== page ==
The U.K. warned that flights may be grounded if the European Union doesn’t grant reciprocal approvals to its planes and airlines in the case of a no-deal Brexit — a scenario it maintains remains unlikely, despite a recent setback in negotiations.
Britain will continue to recognize European Aviation Safety Agency certifications for up to two years after March 29, the government said Monday in a statement outlining the potential impact on aviation safety. However, there’s no guarantee planes, parts, pilots, cabin crew and engineers certified by the U.K. will be recognized by the EU.
“Individuals and businesses exercising the privileges of U.K.-issued certificates for aircraft registered in the EU should consult the European Commission’s notice to stakeholders and check with the relevant EU authorities,” the government said.
Airlines will be required to apply to EU states in order to continue flying after the split, the U.K. said in a separate bulletin. The U.K. is also in negotiations with 17 non-EU countries, and “a number” of those deals have already been agreed.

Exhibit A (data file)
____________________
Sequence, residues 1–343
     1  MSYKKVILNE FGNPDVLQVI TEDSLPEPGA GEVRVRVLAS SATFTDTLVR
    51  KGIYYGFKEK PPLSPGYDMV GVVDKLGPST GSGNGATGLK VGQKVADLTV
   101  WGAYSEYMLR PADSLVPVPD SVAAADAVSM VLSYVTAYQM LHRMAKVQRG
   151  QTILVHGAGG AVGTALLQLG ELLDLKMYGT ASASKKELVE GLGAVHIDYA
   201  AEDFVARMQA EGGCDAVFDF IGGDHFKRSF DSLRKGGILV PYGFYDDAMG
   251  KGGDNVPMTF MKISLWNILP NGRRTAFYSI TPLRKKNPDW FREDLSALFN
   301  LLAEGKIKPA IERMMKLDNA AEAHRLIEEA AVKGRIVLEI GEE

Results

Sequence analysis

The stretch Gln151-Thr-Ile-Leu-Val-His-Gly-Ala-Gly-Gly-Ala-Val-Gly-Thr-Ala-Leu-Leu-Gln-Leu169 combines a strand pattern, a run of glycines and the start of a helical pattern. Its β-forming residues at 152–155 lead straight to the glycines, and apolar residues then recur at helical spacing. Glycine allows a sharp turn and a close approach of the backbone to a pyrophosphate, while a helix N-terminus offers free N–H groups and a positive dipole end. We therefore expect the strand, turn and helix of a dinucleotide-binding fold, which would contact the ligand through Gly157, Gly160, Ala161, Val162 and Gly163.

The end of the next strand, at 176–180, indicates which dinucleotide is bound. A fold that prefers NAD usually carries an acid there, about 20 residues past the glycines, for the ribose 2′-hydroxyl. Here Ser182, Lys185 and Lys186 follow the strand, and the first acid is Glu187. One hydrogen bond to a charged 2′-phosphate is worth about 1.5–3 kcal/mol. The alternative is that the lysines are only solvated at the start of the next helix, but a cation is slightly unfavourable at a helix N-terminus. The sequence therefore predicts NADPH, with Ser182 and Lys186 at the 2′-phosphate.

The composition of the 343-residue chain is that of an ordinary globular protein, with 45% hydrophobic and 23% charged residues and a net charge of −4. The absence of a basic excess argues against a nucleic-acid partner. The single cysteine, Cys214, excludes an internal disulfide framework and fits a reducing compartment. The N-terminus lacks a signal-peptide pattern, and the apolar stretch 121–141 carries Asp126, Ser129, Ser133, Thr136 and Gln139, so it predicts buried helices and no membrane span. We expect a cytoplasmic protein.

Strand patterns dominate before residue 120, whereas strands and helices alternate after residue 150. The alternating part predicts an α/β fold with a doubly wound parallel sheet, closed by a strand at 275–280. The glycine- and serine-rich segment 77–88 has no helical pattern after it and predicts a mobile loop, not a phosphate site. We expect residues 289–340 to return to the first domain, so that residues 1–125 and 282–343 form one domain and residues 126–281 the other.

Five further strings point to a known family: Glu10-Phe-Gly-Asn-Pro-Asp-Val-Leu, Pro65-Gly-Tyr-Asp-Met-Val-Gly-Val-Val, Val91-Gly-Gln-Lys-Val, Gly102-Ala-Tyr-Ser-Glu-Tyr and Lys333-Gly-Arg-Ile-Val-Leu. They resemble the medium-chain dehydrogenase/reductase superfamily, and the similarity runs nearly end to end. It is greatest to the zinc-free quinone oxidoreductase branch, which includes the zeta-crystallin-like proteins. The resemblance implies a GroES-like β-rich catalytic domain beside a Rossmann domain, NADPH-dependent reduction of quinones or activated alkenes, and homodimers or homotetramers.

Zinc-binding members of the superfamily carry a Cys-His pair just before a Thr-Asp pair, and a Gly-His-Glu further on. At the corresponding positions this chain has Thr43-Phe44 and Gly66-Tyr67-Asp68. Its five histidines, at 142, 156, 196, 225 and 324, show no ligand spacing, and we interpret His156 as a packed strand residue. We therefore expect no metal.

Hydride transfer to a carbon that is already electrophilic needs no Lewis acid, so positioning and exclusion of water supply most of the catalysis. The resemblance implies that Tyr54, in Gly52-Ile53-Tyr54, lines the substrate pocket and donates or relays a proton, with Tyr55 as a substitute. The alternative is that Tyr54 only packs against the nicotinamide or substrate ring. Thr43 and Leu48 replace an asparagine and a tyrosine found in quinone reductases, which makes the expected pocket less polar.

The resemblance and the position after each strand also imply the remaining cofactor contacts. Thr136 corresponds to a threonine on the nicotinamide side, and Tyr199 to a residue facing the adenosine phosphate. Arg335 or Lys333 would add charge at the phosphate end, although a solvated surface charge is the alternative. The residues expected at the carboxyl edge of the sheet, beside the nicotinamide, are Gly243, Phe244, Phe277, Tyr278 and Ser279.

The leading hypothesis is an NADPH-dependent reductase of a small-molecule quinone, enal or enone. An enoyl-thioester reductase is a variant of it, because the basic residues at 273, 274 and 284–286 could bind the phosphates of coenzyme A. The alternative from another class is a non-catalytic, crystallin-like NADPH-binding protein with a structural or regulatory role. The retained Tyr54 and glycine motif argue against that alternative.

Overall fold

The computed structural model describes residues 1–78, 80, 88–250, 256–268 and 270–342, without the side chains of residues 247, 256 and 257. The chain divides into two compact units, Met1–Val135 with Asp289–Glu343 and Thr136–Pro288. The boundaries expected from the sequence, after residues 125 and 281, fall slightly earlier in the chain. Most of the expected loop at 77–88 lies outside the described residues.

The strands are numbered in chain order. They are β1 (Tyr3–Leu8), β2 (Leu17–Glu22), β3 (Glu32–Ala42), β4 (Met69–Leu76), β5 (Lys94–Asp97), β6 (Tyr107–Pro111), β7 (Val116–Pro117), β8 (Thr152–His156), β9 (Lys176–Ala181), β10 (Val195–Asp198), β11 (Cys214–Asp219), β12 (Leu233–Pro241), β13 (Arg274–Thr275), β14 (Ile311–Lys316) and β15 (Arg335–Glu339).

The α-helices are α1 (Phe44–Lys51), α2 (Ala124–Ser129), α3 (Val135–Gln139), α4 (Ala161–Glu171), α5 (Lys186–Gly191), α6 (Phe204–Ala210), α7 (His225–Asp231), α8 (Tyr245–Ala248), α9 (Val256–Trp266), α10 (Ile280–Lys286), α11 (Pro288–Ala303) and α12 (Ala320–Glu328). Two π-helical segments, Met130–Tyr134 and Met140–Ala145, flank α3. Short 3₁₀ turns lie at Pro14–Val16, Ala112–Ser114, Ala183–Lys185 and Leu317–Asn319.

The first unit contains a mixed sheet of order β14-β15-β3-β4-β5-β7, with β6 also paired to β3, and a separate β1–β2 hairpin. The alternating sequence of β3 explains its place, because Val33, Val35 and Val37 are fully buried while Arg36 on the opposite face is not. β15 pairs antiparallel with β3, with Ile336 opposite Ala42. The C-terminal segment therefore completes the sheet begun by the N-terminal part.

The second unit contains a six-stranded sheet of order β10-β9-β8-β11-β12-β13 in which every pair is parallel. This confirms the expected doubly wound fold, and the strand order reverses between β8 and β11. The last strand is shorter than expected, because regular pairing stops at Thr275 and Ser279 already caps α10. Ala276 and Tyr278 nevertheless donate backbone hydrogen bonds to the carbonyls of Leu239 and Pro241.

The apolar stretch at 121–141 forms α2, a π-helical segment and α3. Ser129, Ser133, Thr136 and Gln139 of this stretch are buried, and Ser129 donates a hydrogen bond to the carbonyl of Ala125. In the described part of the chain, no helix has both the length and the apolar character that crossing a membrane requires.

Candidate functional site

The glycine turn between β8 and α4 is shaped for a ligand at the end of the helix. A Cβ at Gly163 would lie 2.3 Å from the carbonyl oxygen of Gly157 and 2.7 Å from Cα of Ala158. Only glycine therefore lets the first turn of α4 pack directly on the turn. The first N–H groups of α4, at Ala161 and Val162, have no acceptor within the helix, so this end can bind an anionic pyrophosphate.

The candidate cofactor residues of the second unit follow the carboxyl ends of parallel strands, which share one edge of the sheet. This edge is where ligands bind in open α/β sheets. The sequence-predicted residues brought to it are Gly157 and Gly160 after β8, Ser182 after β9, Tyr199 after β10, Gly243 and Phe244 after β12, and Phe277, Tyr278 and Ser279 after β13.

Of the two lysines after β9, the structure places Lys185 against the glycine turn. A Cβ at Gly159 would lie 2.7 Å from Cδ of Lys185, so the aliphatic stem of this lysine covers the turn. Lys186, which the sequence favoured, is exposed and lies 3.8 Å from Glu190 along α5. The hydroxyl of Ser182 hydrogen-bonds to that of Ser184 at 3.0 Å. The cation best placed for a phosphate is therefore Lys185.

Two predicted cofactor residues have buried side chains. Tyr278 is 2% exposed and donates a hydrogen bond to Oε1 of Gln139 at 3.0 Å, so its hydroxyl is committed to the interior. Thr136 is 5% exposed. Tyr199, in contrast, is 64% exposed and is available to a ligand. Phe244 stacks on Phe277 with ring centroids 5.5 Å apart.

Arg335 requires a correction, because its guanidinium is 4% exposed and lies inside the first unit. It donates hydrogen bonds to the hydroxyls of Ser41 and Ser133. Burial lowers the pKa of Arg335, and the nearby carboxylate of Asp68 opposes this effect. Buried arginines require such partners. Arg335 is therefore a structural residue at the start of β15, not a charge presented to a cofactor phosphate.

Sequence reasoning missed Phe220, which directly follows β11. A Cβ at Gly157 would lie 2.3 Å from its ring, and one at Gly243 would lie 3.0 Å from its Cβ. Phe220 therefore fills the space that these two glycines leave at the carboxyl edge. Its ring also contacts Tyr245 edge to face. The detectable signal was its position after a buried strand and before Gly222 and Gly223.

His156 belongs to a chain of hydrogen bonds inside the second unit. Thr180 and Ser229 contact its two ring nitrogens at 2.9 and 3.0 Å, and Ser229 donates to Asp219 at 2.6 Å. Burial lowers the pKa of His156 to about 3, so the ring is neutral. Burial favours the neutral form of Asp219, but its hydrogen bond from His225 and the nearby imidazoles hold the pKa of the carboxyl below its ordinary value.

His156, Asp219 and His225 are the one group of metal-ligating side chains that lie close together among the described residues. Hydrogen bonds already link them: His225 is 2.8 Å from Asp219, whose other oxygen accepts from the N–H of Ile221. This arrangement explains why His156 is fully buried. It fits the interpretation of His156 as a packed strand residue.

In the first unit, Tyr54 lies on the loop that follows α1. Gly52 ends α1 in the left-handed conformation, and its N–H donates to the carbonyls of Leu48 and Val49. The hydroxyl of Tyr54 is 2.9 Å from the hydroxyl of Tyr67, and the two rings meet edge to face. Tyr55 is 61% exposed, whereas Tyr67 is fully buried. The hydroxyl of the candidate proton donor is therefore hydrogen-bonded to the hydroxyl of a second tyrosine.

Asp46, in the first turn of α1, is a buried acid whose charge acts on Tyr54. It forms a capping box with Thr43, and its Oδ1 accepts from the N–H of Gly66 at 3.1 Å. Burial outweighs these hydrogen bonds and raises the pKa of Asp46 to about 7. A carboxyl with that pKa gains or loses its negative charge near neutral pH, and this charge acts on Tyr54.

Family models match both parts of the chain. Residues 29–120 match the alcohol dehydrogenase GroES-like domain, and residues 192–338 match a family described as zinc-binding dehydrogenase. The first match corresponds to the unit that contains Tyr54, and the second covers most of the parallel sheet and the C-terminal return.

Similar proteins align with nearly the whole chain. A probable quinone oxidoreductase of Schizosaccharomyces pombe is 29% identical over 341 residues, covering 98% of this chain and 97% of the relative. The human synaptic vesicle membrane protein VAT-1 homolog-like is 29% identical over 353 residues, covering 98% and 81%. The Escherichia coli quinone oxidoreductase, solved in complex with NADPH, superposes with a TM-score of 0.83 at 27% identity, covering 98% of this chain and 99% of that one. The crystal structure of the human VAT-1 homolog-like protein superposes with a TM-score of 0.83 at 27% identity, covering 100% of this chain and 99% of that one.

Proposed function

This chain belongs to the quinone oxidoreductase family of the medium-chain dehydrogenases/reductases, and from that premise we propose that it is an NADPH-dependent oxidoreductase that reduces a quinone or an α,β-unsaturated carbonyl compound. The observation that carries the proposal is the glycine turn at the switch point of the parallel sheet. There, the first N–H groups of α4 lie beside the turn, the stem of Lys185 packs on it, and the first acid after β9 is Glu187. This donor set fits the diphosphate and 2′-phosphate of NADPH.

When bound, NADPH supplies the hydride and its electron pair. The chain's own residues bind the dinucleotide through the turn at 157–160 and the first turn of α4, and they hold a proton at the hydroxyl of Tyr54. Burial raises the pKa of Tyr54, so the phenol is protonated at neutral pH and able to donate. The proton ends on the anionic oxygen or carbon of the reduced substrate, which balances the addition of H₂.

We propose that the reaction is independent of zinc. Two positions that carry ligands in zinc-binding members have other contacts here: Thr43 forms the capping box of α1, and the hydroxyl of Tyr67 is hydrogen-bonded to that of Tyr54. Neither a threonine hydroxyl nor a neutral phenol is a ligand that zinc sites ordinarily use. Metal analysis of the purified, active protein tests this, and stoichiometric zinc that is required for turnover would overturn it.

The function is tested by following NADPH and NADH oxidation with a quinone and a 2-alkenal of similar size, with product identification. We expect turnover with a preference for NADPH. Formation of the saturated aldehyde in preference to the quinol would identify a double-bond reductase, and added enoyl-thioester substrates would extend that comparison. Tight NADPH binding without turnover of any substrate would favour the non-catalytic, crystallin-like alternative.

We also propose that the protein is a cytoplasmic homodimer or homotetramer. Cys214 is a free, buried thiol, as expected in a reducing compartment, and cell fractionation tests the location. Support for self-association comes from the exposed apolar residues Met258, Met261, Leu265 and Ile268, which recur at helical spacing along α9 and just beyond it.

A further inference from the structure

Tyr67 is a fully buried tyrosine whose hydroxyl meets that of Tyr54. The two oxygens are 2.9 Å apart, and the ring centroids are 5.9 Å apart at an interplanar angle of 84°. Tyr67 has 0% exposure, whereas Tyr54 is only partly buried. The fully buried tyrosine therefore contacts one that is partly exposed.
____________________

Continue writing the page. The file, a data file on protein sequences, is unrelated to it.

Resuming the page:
The government said it has encouraged the EU to recognize U.K.-issued aircraft certificates.
“It is clearer than ever that a no-deal Brexit risks disruption to air passengers and businesses,” Paul Everitt, head of the Aerospace, Defense, Security and Space trade body. “Our industries want to see renewed vigor in negotiations, with both the U.K. and the EU bringing pragmatism to discussions and making compromises.”
The government portrayed the warning as a contingency, talks “are progressing well and both we and the EU continue to work hard to seek a positive deal.” It said it has to prepare for all eventualities “until we can be certain of the outcome of those negotiations.”
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